In the name of the dead
Sep 9, 2016
Meet some of the people who have kept the Churachandpur movement alive for a year now
With your 8th Schedule, your armed militants and your fishing net/ You suck the life out of the Zo people like a leech;/ Yet you still smile away nonchalantly!/Brave Zomi patriots, bold like a pride of lions/ Are prepared and ready to take the head of Zonamkhandaal!/The vultures you have set to feed on us (Zo people) will feed on you instead, you Zonamkhandaal!/ Had I a six-round pistol, oh, how I’d love to shoot at your smeared forehead!/ This is what I want, what I want to do to you most while you show me your crafty and ‘innocent’ smile!/ Go to hell, you Zonamkhandaal!/ Perish, you Zonamkhandaal!
A tribal Paite number called ‘Zonamkhandaal’ — which means ‘someone who hinders the progress of the Zo people’ — has been the most played song in Churachandpur in recent months. The song illustrates the deep-seated mistrust of the tribals living in the hills of Manipur towards the dominant Meitei community. The song is poetic, almost, but it is its deep-thrash metallic tone and politically provocative lyrics which inspire the young men involved in a public movement over the past year.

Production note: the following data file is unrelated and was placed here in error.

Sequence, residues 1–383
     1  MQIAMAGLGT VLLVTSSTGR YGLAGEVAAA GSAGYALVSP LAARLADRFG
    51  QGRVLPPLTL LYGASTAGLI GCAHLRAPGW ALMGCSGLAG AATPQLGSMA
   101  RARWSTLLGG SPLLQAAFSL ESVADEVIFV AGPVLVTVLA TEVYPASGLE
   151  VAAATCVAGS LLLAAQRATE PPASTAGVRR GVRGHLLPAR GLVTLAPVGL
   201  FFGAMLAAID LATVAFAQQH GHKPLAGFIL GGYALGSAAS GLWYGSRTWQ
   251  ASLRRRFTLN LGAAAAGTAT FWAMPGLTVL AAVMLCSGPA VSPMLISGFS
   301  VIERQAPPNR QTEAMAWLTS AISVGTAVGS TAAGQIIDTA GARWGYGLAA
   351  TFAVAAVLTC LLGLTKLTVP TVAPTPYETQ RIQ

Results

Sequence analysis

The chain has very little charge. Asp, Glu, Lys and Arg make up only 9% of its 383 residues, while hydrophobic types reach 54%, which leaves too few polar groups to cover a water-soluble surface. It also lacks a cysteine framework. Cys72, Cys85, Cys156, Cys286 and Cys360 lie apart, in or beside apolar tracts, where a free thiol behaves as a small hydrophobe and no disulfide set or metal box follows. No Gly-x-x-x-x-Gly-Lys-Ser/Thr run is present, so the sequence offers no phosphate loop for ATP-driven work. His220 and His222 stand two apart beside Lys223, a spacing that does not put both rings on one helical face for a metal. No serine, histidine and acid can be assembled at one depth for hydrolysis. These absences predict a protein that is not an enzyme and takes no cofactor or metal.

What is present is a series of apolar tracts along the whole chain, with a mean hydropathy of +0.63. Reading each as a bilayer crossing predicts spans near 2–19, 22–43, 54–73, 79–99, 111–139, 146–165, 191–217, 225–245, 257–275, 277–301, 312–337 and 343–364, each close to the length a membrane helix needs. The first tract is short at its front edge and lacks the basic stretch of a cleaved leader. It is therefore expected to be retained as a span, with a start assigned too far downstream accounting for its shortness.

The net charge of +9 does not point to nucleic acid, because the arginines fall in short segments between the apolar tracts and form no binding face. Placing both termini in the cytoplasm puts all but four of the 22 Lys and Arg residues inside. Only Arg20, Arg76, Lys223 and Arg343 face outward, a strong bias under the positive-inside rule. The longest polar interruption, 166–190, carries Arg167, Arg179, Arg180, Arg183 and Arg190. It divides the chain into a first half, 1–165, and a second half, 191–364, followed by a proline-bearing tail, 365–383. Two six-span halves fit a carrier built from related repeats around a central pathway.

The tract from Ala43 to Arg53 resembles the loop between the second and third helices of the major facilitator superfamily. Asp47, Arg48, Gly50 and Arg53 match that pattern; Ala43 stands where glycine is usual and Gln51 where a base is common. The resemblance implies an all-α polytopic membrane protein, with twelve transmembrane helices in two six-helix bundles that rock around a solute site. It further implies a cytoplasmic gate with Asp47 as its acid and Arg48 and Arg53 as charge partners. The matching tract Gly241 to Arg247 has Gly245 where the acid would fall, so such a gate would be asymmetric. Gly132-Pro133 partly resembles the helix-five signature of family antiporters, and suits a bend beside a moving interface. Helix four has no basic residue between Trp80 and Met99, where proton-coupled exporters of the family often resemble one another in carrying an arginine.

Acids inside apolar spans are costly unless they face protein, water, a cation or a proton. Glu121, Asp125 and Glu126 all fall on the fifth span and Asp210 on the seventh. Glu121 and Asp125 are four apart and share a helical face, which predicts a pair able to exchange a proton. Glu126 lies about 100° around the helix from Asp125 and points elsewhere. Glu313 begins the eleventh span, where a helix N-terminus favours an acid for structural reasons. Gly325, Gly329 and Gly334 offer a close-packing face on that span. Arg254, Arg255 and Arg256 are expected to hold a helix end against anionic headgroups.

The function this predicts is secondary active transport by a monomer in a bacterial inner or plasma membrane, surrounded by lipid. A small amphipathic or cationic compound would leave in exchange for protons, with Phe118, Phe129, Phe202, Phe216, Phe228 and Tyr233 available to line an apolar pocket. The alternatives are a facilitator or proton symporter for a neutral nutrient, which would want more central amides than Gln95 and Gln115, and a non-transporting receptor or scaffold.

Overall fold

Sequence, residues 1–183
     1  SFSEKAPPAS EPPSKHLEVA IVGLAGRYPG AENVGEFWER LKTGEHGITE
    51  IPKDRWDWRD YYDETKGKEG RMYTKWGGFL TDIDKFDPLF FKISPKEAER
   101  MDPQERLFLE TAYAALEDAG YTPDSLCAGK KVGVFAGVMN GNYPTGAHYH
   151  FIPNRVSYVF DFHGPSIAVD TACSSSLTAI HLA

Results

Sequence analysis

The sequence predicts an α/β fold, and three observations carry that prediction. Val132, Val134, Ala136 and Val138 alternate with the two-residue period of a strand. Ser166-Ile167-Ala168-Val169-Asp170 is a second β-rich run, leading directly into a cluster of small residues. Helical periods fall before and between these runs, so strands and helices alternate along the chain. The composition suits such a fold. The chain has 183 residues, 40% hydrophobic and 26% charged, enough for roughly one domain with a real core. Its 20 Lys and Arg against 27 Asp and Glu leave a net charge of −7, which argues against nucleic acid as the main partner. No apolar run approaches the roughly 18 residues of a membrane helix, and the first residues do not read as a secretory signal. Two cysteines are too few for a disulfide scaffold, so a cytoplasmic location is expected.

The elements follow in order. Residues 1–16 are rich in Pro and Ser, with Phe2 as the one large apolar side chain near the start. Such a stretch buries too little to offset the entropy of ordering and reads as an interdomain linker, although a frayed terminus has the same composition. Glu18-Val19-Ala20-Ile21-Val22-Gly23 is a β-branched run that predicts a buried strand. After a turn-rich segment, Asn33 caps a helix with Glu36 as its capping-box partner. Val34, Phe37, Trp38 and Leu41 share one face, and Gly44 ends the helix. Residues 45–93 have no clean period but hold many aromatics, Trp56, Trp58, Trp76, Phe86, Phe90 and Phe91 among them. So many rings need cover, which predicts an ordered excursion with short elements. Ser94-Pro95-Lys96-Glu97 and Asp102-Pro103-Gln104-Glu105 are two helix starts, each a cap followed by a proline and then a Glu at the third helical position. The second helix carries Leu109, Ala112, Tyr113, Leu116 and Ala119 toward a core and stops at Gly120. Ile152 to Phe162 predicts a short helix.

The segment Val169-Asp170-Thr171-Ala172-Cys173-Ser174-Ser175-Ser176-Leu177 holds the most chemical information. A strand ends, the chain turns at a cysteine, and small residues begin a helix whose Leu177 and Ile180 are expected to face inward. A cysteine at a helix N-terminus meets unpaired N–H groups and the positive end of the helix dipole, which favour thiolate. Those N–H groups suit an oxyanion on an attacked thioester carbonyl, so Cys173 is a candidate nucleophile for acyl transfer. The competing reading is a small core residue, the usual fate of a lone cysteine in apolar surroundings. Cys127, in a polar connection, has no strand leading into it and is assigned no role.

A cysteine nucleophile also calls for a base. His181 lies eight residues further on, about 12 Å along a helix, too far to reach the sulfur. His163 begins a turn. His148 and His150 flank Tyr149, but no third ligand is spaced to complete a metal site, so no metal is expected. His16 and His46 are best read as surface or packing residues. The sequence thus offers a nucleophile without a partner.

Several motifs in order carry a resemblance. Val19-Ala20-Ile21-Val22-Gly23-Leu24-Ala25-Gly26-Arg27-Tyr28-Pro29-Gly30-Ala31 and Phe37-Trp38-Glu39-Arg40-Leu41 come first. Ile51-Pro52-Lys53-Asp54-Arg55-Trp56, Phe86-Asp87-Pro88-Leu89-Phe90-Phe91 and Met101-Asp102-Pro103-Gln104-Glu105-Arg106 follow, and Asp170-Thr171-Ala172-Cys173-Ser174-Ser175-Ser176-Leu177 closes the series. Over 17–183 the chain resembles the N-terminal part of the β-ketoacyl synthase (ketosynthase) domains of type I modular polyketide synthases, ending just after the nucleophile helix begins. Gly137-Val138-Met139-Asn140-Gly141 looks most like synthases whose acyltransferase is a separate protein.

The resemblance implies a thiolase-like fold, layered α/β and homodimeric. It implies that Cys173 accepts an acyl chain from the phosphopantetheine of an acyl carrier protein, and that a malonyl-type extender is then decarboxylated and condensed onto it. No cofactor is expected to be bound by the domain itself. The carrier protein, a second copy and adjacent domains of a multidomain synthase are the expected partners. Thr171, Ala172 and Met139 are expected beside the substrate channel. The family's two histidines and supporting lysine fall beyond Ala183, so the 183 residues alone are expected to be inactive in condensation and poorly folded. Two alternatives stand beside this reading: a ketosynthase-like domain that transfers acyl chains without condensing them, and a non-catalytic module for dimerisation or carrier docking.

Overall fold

On the afternoon of September 4, around 30 such men danced to this song blaring from a portable speaker they had carried up a hill overlooking the Khuga dam, a symbol of state failure among the people of Churachandpur district. It was a day of relaxation for the volunteers of a little-known struggle in India’s eastern corner. The day arrived after more than a week’s hectic planning for the first anniversary of nine deaths in Churachandpur town. (The nine fell to bullets the police fired to quell a protest against the passage of three land bills in the State Assembly.) I made these portraits later that evening.
Vivek Singh is a documentary photographer and journalist based in Delhi